“We know that we’re competing in a dying sport.”
- Leshinda Demus
I’ve been watching the Olympics nearly every night. Sometimes I like the stories about specific athletes, while other times I just want to see the events. But one story made a light bulb go off in my head. I made a connection between Olympic hopefuls and writers. While few of us writers can boast the physical strength and killer-bodies (I want those abs) of these athletes, we do have a few things in common:
These athletes work most of their lives for the long shot of winning gold—or at least a bronze medal. They put off normal jobs, salaries, and lives.
And what do they get if they win? How many wind up with small compensation and a shiny medal to admire? They know the odds. But many of them keep on going.
Isn’t that what’s in store for us?
Competition is fierce.
We can toil for years and never “qualify” (unagented)*.
We can qualify (agent), but not receive a medal (publishing contract).
There might be rumors of steroid use (bad reviews) or false starts (plagiarism).
We can receive a medal (publishing contract), but it’s only bronze (small advance, which we don’t make back).
Receiving a silver medal (midlist author) isn’t too shabby.
But receiving GOLD (big advance, which we make back, and appearing on the New York Times Bestseller List) is the ultimate achievement!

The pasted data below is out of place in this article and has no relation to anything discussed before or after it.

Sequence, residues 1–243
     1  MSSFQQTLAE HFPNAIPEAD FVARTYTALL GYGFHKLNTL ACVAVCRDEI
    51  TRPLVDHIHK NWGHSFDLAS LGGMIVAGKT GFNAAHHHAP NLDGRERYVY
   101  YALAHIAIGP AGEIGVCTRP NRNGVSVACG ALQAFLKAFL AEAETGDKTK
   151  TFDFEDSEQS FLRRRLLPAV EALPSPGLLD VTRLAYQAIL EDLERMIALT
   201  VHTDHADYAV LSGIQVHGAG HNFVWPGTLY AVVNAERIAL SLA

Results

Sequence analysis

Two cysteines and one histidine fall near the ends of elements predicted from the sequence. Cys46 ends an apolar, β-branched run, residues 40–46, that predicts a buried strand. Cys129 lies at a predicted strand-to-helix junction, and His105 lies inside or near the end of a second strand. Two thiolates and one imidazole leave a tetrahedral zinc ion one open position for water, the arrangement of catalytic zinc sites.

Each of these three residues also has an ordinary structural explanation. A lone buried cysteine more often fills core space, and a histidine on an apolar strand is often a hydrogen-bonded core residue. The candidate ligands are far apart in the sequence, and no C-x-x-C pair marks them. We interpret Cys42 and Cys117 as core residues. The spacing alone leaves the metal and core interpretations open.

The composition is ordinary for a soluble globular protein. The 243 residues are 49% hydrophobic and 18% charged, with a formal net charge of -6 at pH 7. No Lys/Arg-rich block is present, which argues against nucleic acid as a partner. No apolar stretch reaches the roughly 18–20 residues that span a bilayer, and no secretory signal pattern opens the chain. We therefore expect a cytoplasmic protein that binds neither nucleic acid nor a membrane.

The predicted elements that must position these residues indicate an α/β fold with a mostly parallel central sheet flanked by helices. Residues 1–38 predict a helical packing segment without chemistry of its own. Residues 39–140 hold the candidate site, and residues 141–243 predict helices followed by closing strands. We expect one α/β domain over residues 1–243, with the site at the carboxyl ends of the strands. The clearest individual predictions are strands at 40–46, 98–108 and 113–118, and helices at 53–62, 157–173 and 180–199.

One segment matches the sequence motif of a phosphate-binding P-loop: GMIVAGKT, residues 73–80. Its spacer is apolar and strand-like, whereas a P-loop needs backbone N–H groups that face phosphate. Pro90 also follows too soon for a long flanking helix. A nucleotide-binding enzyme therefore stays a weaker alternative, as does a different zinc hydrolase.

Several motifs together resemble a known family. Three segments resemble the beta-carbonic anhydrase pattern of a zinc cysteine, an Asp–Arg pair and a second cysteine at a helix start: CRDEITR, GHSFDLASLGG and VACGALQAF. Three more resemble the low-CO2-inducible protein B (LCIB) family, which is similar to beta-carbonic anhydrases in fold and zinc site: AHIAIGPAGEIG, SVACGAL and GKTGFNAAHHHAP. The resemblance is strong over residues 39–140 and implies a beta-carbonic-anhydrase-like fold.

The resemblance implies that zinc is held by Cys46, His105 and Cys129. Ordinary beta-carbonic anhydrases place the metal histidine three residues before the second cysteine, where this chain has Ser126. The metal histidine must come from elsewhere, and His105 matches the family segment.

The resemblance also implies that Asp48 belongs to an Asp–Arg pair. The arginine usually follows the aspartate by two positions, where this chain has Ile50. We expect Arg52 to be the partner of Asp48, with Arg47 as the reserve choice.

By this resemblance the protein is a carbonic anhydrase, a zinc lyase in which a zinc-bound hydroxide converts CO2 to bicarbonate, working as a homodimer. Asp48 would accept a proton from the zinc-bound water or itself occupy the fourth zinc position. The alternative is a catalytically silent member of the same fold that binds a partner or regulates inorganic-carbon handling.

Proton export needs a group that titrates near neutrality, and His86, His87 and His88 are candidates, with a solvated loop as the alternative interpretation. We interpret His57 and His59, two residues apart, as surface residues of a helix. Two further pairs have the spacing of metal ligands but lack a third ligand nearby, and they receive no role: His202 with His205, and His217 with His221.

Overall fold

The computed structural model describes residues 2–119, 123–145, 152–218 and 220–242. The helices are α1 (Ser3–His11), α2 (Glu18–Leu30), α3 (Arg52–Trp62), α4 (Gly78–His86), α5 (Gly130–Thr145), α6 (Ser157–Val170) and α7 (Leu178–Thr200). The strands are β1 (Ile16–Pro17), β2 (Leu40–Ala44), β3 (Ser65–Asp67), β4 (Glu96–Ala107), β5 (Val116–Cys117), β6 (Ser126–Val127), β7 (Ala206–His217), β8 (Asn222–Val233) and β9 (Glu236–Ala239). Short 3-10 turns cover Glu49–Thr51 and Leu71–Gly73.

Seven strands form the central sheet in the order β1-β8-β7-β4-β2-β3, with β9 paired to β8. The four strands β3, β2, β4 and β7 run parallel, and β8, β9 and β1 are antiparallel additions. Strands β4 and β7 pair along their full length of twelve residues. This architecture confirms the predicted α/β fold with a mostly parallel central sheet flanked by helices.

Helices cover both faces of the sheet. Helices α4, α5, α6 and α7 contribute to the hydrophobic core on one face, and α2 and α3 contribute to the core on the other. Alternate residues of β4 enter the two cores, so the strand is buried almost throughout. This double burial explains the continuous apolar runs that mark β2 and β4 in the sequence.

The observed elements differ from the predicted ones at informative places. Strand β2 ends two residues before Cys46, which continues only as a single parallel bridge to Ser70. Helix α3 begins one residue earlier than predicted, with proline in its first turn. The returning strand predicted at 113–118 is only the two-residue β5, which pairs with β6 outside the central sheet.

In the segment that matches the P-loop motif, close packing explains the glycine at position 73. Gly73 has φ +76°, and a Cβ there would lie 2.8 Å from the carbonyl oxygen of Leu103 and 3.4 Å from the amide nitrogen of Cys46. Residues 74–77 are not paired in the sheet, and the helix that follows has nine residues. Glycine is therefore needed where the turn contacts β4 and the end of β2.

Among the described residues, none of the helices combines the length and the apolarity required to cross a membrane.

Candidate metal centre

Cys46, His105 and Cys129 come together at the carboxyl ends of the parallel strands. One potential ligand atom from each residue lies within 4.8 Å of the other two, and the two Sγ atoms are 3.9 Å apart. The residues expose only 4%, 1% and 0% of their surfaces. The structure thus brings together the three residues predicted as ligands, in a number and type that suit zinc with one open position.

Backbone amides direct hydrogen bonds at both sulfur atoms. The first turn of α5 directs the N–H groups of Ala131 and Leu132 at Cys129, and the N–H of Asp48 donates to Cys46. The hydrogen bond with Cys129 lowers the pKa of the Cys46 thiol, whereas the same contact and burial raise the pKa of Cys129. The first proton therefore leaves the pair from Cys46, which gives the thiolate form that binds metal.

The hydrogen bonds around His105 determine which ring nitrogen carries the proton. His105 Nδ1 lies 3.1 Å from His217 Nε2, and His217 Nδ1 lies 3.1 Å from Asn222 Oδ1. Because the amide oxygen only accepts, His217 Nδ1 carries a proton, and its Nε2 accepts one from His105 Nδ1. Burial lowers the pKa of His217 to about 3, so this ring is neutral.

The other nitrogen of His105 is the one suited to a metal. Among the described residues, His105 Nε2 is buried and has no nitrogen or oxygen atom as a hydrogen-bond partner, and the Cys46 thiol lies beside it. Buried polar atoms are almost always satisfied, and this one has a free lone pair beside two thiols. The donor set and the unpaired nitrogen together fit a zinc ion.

Do they appear on CNN as commentators (radio/TV interviews)?
Do they get to be in commercials (film adaptation)?
Do their names get placed on products (character action figures)?
Do they compete in the next Olympics (second book)?
Do they coach future Olympian-hopefuls (teach creative writing at a local college)?
Bottom line: few talented people make a big living off their talent.
Here’s my Olympian example for hard work with no guarantee of payoff:
This profile doesn’t tell you anything:
This is more revealing:
When she was nine years old, she told her teacher she’d be in the Olympics someday. She still holds the record for Hurdles at her high school. She continued to run in college and won championships.
Leshinda Demus qualified for the 2004 Olympics, but didn’t advance to the final.
She got pregnant. She was upset her pregnancy could derail her dream and guilty she felt derailed by her pregnancy. She had twins. She struggled to lose 50 lbs. She didn’t qualify for the 2008 Olympics.
She’s made a comeback since then, winning more championships. On 08/06, I watched Leshinda as her four-year-old twin boys cheered her on in the stands.
Leshinda Demus qualified...
What drives her?
Will she succeed on 08/08?
What will she do next?
Writers, what keeps you writing against all odds?
Keep going for the gold.
* And let’s acknowledge those families who sacrificed everything for the Olympic Hopeful (packaged mac ‘n cheese or takeout, dirty laundry…)